The ongoing negotiation and framing of the future Plastics Treaty is an opportunity to address and protect human health and the environment from the harmful effects of plastics throughout their life cycle. This will require strong, legally binding control provisions that call for the elimination of toxic chemicals throughout the life cycle of plastics and mandatory, publicly available, and accessible disclosure of information on chemicals used in plastics.
The third session of the Intergovernmental Negotiating Committee (INC-3) to develop an international legally binding instrument on plastic pollution, including in the marine environment, is scheduled to take place from 13 to 19 November 2023 at the UN Environment Programme (UNEP) Headquarters in Nairobi, Kenya. The session will be preceded by regional consultations on 12 November 2023.
Following are excerpts from IPEN's Quickviews -- download the full document, below, for more information.
Listing of chemicals in Annex A to the Convention
The POPs Review Committee (POPRC) has determined that three persistent, bioaccumulative and toxic POPs are likely, as a result of long-range environmental transport, to lead to significant adverse effects on human health and the environment, such that global action is warranted.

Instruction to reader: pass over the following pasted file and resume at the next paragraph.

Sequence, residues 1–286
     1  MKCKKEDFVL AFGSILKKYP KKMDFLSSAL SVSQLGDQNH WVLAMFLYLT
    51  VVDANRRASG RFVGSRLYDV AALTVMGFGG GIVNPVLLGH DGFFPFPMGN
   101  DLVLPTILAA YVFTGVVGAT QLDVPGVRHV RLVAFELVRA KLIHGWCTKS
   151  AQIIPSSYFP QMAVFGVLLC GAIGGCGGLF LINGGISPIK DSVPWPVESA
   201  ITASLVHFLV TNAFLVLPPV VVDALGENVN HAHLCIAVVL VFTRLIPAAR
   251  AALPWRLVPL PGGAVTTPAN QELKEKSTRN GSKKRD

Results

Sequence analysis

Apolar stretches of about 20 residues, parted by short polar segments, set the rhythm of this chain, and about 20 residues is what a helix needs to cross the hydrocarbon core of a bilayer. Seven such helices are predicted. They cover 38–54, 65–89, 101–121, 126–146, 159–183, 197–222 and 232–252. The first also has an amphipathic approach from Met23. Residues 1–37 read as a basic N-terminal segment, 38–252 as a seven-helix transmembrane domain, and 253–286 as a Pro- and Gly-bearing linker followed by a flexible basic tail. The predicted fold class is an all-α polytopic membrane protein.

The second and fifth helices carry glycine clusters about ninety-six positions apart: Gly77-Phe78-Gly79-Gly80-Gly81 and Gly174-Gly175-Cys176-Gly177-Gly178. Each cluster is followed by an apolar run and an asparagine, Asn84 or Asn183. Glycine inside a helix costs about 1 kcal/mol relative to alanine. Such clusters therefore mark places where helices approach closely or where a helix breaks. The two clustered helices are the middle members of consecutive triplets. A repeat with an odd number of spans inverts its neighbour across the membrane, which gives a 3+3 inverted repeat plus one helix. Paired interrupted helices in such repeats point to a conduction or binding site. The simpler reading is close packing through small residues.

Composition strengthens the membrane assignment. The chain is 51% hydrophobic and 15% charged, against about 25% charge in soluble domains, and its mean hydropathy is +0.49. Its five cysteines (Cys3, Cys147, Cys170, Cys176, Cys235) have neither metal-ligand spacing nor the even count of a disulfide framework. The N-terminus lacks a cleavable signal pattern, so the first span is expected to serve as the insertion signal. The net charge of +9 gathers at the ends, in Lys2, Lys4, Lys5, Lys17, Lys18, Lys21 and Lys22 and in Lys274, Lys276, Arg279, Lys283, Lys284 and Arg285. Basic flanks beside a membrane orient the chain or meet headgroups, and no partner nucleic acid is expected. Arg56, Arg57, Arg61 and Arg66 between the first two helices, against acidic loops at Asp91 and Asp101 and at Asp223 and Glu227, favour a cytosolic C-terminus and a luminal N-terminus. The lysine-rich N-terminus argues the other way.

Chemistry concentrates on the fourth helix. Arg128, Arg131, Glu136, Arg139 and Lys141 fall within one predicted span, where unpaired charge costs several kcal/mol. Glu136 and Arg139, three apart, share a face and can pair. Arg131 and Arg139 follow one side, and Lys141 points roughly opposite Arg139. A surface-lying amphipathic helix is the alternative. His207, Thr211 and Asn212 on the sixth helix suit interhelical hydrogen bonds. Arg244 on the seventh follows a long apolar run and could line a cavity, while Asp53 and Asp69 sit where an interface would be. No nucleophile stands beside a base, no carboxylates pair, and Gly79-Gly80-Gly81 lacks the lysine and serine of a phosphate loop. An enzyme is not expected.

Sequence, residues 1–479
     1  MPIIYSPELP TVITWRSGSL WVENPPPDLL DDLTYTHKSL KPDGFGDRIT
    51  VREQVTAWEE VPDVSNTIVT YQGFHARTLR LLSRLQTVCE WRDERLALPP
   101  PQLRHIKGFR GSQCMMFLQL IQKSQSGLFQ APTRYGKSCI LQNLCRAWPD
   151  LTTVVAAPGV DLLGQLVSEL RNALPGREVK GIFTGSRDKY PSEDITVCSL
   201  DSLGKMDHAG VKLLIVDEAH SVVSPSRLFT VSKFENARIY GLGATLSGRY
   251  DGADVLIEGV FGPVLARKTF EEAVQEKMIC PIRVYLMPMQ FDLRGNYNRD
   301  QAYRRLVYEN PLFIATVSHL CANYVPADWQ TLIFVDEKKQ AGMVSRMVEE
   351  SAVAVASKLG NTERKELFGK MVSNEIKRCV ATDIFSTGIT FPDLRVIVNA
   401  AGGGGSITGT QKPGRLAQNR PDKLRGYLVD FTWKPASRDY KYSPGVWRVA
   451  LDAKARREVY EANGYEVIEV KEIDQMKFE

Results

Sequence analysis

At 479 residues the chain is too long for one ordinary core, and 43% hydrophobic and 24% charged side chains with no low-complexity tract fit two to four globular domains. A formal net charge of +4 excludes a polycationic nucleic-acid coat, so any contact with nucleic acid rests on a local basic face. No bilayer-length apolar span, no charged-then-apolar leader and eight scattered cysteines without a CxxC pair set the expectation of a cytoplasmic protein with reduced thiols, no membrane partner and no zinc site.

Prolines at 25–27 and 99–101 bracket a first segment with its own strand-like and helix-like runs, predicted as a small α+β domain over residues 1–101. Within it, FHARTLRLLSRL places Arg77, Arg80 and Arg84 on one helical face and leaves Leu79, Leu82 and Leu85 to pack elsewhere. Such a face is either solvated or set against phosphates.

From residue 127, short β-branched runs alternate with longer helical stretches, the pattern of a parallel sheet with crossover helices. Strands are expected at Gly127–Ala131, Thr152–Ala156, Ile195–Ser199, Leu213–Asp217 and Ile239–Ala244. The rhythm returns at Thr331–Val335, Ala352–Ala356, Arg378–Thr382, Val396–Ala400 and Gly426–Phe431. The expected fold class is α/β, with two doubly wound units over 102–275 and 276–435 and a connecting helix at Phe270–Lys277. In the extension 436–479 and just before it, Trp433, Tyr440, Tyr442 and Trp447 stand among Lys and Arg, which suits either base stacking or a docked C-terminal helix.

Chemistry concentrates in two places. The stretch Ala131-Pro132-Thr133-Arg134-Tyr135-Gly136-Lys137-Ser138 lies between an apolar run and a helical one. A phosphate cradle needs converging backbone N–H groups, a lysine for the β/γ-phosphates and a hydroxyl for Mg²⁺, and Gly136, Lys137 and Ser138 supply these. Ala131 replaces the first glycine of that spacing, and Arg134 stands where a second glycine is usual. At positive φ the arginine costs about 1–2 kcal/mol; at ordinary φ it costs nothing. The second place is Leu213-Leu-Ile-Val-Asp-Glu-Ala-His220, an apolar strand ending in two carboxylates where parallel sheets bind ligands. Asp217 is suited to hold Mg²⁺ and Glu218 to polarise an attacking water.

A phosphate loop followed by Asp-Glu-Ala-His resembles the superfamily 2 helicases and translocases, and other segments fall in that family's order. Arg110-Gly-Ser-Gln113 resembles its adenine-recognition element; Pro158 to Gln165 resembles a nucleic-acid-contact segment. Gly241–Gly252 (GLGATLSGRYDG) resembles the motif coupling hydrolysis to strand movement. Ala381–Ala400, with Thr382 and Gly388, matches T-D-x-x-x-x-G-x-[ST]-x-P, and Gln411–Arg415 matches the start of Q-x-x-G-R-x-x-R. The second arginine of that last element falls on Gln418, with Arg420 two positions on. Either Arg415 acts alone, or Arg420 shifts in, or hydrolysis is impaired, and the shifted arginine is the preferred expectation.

Founded in 1998 to contribute to the negotiations of the Stockholm Convention, IPEN has contributed over nearly 25 years to all of the major international instruments on chemicals and waste, and with the start of the new negotiations for a Plastics Treaty we look forward to working toward an ambitious agreement. Our Quick Views include our analysis and recommendations for the INC-1 negotiations in Uruguay beginning in November 2022.
The United Nations Environment Assembly (UNEA) has called for this meeting of an ad hoc open-ended working group to prepare for the work of the intergovernmental negotiating committee (INC) on a Plastics Treaty. UNEA resolution 5/14 specifies that the INC is to develop an international legally binding agreement based on a comprehensive approach that addresses the full lifecycle of plastic, and, among other provisions, calls for an agreement
A draft resolution has been put forward to the Fifth meeting of the United Nations Environment Assembly (UNEA 5), with a proposal to establish a new Science-Policy Panel to support action on chemicals, waste and pollution.
IPEN has engaged in the science-policy discussions under the BRS- and Minamata Conventions, SAICM and UNEA for many years. The February 2022 paper (below) aims to share our views on this topic in contribution to both the science-policy discussions at UNEA and in other fora.